Peck Smiley Ettlin Architects had this idea of how Station 11 would look.

Peck Smiley Ettlin Architects had this idea of how Station 11 would look.

It must be summertime in the Peck architects' imagination.

It must be summertime in the Peck architects’ imagination.

4 responses to “Decision time: Fire and police buildings”

  1. Gordon L. Shadle says:

    Why does it have to be both buildings on one bond measure? Why doesn’t the city allow voters (taxpayers) to evaluate the merit of each building through separate bond measures?

    Forcing voters (taxpayers) to decide, once again, on a high-priced package deal increases the risk that the city will get neither building.

  2. tom cordier says:

    Hasso–you state the higher costs associated with keeping 6Ave open. The benefit is to remodel the existing fire station to day-time occupancy earthquake standards thus creating much more sqft space and makes that extra cost be payable with UR money. I’ve rec’d the PS agenda for 13Nov. It omits the possibility of using any of the $5M economic development money.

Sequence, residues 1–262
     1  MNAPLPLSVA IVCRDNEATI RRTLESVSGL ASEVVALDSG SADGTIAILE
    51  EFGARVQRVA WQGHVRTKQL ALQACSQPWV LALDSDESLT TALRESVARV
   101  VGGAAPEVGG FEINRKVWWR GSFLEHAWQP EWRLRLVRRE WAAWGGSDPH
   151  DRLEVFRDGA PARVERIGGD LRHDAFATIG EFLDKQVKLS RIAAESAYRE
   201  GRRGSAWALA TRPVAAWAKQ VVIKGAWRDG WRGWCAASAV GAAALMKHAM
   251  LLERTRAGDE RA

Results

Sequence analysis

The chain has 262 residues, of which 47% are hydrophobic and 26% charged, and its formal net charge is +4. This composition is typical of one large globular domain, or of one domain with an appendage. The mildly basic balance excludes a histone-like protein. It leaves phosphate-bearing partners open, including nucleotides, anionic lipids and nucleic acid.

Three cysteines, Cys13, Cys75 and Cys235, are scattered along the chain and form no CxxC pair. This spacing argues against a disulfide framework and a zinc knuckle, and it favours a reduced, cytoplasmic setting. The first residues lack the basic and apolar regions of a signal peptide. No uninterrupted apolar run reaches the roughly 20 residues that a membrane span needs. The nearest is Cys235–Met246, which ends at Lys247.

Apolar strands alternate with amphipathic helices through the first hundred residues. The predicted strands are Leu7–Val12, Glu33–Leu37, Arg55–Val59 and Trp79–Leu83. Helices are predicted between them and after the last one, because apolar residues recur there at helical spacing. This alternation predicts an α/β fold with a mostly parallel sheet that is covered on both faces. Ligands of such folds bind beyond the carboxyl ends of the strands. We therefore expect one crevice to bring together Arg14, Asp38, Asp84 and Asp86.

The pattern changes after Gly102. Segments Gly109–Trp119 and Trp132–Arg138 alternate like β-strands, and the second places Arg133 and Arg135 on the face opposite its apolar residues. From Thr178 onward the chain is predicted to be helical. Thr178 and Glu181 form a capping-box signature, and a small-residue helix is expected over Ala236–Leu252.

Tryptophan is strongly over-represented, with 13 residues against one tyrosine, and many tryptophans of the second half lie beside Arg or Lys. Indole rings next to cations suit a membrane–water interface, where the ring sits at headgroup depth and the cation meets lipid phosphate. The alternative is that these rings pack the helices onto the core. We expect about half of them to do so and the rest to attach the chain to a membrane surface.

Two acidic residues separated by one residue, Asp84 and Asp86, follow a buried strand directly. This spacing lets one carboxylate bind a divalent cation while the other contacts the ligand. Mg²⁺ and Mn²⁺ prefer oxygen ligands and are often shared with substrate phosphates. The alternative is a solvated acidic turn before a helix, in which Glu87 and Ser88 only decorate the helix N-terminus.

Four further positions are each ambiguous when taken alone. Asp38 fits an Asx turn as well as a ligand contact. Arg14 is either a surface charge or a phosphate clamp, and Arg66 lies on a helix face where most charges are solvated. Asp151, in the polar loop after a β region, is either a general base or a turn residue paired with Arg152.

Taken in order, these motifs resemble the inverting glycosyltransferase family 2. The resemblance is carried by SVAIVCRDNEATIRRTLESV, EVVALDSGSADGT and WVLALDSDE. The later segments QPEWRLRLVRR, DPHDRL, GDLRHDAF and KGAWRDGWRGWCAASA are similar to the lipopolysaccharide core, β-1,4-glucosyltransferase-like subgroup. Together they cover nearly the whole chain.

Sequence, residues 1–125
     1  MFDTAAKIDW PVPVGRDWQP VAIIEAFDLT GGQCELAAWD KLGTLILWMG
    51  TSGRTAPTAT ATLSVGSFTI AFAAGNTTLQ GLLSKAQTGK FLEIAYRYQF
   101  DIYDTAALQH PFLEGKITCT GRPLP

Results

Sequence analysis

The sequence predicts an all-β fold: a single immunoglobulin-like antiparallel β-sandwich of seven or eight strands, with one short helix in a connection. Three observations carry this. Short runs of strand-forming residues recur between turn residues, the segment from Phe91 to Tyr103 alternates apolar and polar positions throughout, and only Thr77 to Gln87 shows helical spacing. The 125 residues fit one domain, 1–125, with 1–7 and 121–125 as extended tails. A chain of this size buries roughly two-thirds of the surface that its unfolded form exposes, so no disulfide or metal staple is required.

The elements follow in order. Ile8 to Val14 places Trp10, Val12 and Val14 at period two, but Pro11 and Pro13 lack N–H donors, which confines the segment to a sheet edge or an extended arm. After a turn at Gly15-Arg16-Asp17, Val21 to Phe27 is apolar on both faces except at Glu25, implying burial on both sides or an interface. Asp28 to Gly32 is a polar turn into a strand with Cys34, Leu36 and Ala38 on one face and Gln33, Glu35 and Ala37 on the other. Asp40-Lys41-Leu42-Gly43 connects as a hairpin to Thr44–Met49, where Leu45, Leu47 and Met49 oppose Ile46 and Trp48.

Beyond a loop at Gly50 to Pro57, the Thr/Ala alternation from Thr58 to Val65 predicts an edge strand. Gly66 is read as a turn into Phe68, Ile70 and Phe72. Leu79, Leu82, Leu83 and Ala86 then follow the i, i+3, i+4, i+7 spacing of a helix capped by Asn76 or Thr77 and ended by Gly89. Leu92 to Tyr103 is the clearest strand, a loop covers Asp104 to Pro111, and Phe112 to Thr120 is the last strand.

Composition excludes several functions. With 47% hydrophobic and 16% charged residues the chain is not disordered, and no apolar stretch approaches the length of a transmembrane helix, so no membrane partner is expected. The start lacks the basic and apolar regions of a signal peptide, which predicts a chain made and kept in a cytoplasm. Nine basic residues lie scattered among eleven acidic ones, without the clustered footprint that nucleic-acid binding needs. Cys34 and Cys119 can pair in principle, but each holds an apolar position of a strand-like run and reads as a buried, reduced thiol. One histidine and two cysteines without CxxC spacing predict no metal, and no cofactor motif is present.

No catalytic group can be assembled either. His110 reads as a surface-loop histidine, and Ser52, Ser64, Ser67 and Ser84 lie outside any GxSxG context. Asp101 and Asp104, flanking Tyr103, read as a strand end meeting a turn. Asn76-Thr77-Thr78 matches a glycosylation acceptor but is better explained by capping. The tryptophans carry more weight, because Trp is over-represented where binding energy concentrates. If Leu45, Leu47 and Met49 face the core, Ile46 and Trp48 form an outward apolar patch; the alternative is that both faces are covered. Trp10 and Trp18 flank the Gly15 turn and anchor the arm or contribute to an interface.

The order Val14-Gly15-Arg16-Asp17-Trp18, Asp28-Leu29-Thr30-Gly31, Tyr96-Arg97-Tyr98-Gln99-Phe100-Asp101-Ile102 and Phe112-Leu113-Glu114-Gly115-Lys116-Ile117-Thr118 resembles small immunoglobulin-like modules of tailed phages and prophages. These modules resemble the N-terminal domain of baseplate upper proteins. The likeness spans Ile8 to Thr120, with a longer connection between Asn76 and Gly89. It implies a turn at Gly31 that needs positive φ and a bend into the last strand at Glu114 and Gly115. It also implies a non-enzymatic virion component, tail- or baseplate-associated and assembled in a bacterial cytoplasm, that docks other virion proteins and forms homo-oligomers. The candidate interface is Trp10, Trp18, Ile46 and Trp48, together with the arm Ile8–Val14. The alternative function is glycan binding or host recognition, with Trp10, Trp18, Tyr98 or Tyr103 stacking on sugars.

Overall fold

Look like we are being steered

  3. Bill Kapaun says:

    I understand the need for a “newer” fire station, but does it make sense to use the old building for anything if it doesn’t meet “earthquake standards”?
    That appears to me to be a future “money grab” to “update” it AFTER they get what they want for a new station.

    It makes NO sense to me to locate a police station further away from the main population of the city. They did the same thing in my home town and then guess what? They needed a sub station to serve that part of the city they abandoned.
    That’s ANOTHER future money grab.
    Why note use the old fire station property for a new police station, since the city already owns it.

    • James Carrick says:

      Excellent idea, Bill. Use CARA funds to bring the old fire station building up to earthquake code (seems within CARA guidelines cited by council members when they cited “limitations” on what CARA funds could be allocated under specific criteria, perhaps making far more available from CARA), repurpose that building to police administration while retaining the Jackson St. location as a satellite facility due to it’s proximity to the jail. To spend a bunch of money to upgrade the current fire station only so it can serve as a museum seems a poor use of taxpayer money.

      Then sell the property on south Pacific. That is NOT a good location for the Albany Police Station for reasons I and others have mentioned before. Apply those funds to the new buildings.

      Finally, as suggested by many, provide separate bond measures for each project. Let the people decide what we need and when we need it. With the current plan to site the police on south Pacific, it is obvious that more thought must be given to these plans. We are not locked into that site just because the proposals submitted are for that location. That can be changed.